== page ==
Wildfires not keeping tourists away

Despite TV news coverage of local blazes, people from all over still coming to visit Steamboat area


— Residents have learned to tell the difference between clouds and plumes of smoke over the past few weeks, but the difference is not always clear to tourists visiting the area.

Vickie Neumiller of Grand Junction stood on the observation deck of the Steamboat Lake State Park Visitor Center feeding quarters into a pair of stationary metal binoculars.

She leaned toward the eyepiece and turned the machine toward what she thought might be the nearest wildfire.

She had seen the fire coverage on her local television station and expected the worst, but on Saturday, the skies were clear and the only thing to watch through the binoculars was a speedboat cutting through the lake. She was pleasantly surprised.

Margie and Doug Webb had seen similar news broadcasts in Denver.

"The news made it look like Steamboat Springs was on fire," Margie Webb said, "but we got on the Internet and found out there was nothing to worry about."

"We were most concerned about the Burn Ridge fire," Doug Webb said.

The Webbs arrived at Steamboat Lake Thursday.

On Friday afternoon, a new fire was reported in the Sugar Loaf Mountain area due west of Steamboat Lake, about 20 miles north of Hayden.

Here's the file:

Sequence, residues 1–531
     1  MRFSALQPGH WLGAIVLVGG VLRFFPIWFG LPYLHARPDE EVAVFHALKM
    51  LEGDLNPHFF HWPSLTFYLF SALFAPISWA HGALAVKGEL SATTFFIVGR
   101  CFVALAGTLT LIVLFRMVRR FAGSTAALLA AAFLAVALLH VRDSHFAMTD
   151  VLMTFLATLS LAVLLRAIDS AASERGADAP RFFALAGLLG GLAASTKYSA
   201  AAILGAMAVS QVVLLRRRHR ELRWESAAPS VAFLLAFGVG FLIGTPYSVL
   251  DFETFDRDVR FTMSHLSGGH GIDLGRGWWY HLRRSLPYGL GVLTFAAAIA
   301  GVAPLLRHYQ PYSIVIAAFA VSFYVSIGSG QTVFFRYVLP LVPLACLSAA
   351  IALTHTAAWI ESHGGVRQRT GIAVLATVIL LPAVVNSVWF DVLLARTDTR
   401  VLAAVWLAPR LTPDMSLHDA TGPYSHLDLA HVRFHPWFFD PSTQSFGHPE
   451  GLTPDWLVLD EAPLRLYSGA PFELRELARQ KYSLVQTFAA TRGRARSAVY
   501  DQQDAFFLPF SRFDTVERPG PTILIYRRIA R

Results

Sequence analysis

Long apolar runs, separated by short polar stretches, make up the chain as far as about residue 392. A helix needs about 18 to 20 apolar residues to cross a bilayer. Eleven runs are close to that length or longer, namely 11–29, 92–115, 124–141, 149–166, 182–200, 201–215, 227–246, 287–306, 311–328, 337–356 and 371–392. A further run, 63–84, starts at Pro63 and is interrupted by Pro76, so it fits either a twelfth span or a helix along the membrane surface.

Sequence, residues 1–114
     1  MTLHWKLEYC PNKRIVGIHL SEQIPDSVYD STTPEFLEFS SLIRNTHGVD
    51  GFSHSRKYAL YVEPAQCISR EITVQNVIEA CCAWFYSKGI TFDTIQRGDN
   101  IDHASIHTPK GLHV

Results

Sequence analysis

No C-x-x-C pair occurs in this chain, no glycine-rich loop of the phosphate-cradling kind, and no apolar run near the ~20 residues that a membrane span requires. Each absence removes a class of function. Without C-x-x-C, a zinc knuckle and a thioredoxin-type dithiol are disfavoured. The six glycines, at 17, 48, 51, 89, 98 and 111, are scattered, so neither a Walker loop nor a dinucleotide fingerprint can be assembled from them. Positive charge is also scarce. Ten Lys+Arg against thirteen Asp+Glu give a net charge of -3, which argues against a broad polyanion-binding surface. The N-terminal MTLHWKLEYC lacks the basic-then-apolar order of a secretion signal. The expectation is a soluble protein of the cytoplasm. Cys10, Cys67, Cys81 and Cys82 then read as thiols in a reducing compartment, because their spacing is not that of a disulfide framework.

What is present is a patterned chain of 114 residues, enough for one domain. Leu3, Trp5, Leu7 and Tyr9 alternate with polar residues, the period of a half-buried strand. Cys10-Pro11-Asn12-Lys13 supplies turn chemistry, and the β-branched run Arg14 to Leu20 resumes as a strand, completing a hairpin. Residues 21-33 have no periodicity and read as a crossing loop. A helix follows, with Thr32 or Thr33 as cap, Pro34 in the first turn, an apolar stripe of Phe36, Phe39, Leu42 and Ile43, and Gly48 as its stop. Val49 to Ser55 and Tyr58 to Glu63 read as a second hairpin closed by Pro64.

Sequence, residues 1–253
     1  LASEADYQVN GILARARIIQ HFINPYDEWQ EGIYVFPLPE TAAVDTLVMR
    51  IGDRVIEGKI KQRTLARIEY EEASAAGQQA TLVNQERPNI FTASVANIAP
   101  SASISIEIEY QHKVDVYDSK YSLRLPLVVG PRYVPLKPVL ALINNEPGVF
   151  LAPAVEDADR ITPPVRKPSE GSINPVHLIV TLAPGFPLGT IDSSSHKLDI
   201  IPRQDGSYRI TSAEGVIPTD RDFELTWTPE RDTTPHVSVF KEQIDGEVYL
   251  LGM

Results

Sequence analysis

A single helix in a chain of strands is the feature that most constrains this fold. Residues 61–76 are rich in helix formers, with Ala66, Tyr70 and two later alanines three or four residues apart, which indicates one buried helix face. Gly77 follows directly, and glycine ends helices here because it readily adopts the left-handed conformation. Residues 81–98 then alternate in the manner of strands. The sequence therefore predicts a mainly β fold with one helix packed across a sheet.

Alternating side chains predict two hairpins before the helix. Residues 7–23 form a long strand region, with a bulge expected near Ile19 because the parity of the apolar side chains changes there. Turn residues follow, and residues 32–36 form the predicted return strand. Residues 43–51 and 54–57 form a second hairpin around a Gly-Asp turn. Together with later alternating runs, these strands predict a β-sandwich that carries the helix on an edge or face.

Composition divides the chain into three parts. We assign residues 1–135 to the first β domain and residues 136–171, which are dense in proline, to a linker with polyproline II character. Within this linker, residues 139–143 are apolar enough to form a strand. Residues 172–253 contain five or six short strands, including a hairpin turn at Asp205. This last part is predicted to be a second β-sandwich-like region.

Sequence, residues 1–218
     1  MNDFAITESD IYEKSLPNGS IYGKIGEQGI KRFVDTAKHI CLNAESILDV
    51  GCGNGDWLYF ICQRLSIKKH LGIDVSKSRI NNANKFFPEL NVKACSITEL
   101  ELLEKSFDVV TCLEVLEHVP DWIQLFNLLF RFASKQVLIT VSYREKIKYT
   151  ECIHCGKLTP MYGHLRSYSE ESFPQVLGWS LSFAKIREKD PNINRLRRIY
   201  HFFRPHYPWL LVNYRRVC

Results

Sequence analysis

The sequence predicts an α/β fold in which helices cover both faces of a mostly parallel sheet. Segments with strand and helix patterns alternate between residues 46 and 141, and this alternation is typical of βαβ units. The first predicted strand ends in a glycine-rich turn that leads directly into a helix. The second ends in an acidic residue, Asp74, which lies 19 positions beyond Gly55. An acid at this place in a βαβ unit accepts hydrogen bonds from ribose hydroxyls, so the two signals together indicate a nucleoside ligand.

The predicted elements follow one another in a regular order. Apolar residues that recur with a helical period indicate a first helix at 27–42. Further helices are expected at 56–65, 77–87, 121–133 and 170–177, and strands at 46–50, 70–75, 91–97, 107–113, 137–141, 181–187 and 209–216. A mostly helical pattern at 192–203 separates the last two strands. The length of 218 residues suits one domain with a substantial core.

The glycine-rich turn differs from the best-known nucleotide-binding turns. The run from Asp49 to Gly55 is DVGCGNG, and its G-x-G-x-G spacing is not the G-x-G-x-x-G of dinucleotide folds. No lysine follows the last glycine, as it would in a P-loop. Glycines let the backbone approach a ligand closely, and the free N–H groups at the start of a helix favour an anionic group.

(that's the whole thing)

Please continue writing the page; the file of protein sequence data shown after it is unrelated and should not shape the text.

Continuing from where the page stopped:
It is burning spruce and has the potential to grow, according to the Craig Interagency Dispatch Center. More crews arrived Saturday morning to fight the new fire.

The fire was caused by lightning and is estimated to be about 20 acres in size.

The Webbs have seen slurries picking up water to put the fire out.

After three days of hiking, that was the only fire activity they had seen.

Despite the newest fire and reports all week around the state of fire in the area, the campground where they were staying was full, they said.

A group of campers at Pearl Lake State Park heard the news about the wildfire before they left their home in Arizona.

"We made these reservations a long time ago," one said. "We assumed if there was a real danger, they would close the park and notify us."

Despite the fires, the area is still seeing a lot of tourists. The Clark Store parking lot has been full for days with visitors passing through and stopping for food or to ask questions.

"We've been given a lot of information from the Forest Service and we know the fires are going the other way," Clark Store clerk Lynn McDowell said. "The smoke is gone today. It's been very beautiful here and very busy."

To reach Autumn Phillips call 871-4210

or e-mail aphillips@steamboatpilot.com


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